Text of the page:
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The determinants of cross-seeding of protein aggregation: a Multiple TANGO

Periodic Reporting for period 3 - MANGO (The determinants of cross-seeding of protein aggregation: a Multiple TANGO)

Reporting period: 2018-06-01 to 2019-11-30

Protein aggregation is a process by which proteins stick together in organised clumps in a self-recognition process. This molecular process is a unifying feature that connects many seemingly unrelated human pathologies such as diabetes, cataract, cancer and dementia, where each disease is characterised by the protein(s) that aggregate and the tissues where this happens. This gave rise to much scientific enquiry into the link between aggregation and pathology. In sharp contrast, protein aggregation also occurs commonly with food-born proteins during food preparation, and is employed by nature as a functional motif to construct highly stable biomaterials, such as spider silk and insect egg shell or for memory formation in mammalian brain cells. We have however still a very limited understanding on the biological effect of protein aggregates on biological systems, including the human body. We do know that aggregation seems to be associated with normal ageing, but we cannot tell the essential differences between functional, desired aggregation and unwanted and uncontrolled aggregation that occur in human pathology. And even in diseases where protein aggregates took centre-stage in the disease mechanism, such as the aggregation of the beta peptide in Alzheimer disease (AD), failure of therapeutic intervention targeting the aggregates to actually result in a benefit to patients, has led many to question if aggregates are not just consequences of some other, as of yet unknown, degenerative mechanism that would then be the primary cause of disease.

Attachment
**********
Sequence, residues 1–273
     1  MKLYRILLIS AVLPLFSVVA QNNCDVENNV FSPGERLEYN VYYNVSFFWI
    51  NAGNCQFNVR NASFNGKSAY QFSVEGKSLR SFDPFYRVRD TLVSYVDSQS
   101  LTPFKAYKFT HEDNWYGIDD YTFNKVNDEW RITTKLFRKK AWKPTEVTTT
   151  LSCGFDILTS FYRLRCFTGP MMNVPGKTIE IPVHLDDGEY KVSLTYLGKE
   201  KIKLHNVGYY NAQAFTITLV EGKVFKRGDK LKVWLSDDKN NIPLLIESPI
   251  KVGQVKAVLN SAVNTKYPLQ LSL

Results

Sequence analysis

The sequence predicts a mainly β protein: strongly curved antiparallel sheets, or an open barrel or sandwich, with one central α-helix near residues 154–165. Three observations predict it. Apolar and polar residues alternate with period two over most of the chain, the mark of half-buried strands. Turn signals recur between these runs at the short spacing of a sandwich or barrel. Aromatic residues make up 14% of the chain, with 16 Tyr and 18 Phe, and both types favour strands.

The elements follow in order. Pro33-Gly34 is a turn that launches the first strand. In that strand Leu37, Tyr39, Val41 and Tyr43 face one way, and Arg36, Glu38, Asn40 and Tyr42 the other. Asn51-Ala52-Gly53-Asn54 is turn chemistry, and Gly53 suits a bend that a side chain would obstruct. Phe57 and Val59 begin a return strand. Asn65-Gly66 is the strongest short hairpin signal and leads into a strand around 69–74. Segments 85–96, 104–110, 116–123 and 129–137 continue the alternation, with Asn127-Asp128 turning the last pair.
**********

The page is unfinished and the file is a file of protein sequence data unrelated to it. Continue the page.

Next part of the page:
In the MANGO project, we study a reductionist hypothesis of the biological impact of protein aggregates: The research is based on the short stretch model of protein aggregation, which assumes that protein aggregates form because of short aggregation sequence fragments that are part of almost any naturally occurring protein sequence. When mutations or changes in the physiological context occur, these regions, which are normally buried inside the hydrophobic core of the natively folded protein, can be revealed, allowing them to interact with the same sequences on identical polypeptides. We speculate that the interactions these aggregation prone regions make with other proteins would be the basis of the biological effect that the aggregates have on the cells or tissues where they occur. The innovation of MANGO is to hypothesise that these short stretches that interact in the aggregate do not necessarily need to come from identical proteins, but could also occur in seemingly unrelated proteins. For example, if a protein exists in the human brain that shares an aggregation-prone region with the Alzheimer beta-peptide, that protein might interact with the beta-peptide aggregates in a way that affect its function and hence alters the state of the neurons where the interaction occurs.